Finally, the Hospital supports its motion through the sworn affidavit of Dr. Richard Donze, its Senior Vice President. The affidavit states that Mr. Byrne received the same basic screening as the other patients who came to the emergency room on February 15 and complained of chest pain. Moreover, according to the affidavit, Mr. Byrne received similar treatment in comparison to the 136 emergency room patients who complained of chest pain between January 15, 2007, and February 15, 2007.
Although he has submitted a brief and a supplemental brief in opposition to the Hospital's motion for summary judgment, Mr. Byrne has contested very few of the facts set forth above. His supplemental brief does claim that his blood tests revealed a potential heart problem at 6:40 p.m. and that his EKG showed that he was experiencing a heart attack.*fn3 Additionally, Mr. Byrne makes the (unsupported) assertion that the records of the 136 patients reveal that they were treated differently than he was.
A court shall grant a motion for summary judgment "if the movant shows that there is no genuine dispute as to any material fact and the movant is entitled to judgment as a matter of law."Fed. R. Civ. P. 56(a). An issue is "genuine" if there is a sufficient evidentiary basis on which a reasonable jury could return a verdict for the non-moving party. Kaucher v. Cnty. of Bucks, 455 F.3d 418, 423 (3d Cir. 2006) (citing Anderson v. Liberty Lobby, Inc., 477 U.S. 242, 248 (1986)). A factual dispute is "material" if it might affect the outcome of the case under governing law. Id. (citing Anderson, 477 U.S. at 248). Under Rule 56, the Court must view the evidence presented in the light most favorable to the non-moving party. See Anderson, 477 U.S. at 255. However, "[u]nsupported assertions, conclusory allegations, or mere suspicions are insufficient to overcome a motion for summary judgment." Betts v. New Castle Youth Dev. Ctr., 621 F.3d 249, 252 (3d Cir. 2010).
The movant bears the initial responsibility for informing the court of the basis for its motion for summary judgment and identifying those portions of the record that it believes demonstrate the absence of a genuine issue of material fact. Celotex Corp. v. Catrett, 477 U.S. 317, 323 (1986). Where the non-moving party bears the burden of proof on a particular issue, the moving party's initial burden can be met simply by "pointing out to the district court that there is an absence of evidence to support the non-moving party's case." Id. at 325. After the moving party has met its initial burden, the non-moving party must set forth specific facts showing that there is a genuinely disputed factual issue for trial by "citing to particular parts of materials in the record, including depositions, documents, electronically stored information, affidavits or declarations, stipulations . . . , admissions, interrogatory answers, or other materials" or by "showing that the materials cited do not establish the absence or presence of a genuine dispute." Fed. R. Civ. P. 56(c). Summary judgment is appropriate if the non-moving party fails to rebut by making a factual showing "sufficient to establish the existence of an element essential to that party's case, and on which that party will bear the burden of proof at trial." Celotex, 477 U.S. at 322.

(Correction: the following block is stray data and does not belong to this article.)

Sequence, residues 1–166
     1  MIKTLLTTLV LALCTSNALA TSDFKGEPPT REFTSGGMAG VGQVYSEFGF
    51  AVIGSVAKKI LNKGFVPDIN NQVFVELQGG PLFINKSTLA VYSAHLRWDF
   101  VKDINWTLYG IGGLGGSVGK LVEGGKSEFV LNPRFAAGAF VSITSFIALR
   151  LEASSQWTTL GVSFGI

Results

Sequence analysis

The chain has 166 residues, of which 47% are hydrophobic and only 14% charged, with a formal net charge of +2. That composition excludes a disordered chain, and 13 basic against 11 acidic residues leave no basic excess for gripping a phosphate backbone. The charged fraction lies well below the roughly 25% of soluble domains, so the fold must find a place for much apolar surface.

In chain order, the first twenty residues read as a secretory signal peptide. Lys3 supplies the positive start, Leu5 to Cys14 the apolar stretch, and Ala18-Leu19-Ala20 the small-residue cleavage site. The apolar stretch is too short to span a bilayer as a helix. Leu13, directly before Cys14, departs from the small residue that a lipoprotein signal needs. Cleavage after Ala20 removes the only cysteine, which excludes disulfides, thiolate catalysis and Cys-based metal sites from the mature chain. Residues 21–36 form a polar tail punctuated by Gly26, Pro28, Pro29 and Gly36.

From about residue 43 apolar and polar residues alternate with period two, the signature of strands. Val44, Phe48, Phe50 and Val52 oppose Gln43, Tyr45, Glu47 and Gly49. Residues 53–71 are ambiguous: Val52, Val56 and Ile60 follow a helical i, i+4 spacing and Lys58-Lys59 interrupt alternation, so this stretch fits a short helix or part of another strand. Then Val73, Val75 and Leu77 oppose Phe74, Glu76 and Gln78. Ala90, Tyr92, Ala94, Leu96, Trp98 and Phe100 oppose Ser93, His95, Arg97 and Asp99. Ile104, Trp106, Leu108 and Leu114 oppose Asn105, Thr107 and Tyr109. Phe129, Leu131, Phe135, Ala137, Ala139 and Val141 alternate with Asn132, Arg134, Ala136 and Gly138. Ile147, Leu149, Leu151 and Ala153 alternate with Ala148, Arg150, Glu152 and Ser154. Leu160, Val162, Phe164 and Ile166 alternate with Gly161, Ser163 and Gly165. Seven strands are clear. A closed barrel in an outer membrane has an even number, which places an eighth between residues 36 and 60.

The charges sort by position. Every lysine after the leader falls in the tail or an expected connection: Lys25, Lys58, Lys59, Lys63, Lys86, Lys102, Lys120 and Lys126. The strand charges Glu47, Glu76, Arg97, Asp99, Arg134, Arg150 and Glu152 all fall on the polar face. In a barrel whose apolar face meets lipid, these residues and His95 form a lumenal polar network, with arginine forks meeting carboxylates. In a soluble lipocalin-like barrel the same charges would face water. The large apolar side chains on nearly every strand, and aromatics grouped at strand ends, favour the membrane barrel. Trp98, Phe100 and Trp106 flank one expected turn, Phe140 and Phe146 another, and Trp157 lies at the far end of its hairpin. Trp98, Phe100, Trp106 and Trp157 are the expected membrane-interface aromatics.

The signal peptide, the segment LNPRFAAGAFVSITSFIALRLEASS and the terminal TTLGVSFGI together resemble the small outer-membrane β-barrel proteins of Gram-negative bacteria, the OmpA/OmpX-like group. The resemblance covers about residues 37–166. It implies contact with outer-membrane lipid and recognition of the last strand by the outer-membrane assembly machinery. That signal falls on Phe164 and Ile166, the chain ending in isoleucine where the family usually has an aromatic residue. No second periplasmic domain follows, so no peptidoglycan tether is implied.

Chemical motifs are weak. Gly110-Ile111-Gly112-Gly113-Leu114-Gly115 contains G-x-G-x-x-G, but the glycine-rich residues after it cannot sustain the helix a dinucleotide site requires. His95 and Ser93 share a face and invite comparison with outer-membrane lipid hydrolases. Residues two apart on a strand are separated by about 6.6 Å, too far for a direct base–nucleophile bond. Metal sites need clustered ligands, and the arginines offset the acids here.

In this case, the Court recognizes the challenges presented to a pro se litigant and notes that Mr. Byrne's pro se submissions are "liberally construed." Estelle v. Gamble, 429 U.S. 97, 106 (1976). Due to an "understandable difference in legal sophistication," pro se litigants such as Mr. Byrne are held to a "less exacting standard" than trained counsel. Lopez v. Brown, No. 04-6267, 2005 WL 2972843, at * 2 (D.N.J. Nov. 4, 2005) (citing Haines v. Kerner, 404 U.S. 519, 520 (1972)). Accordingly, the Court gives pro se litigants like Mr. Byrne "greater leeway where they have not followed the technical rules of pleading and procedure." Tabron v. Grace, 6 F.3d 147, 153 n.2 (3d Cir. 1993).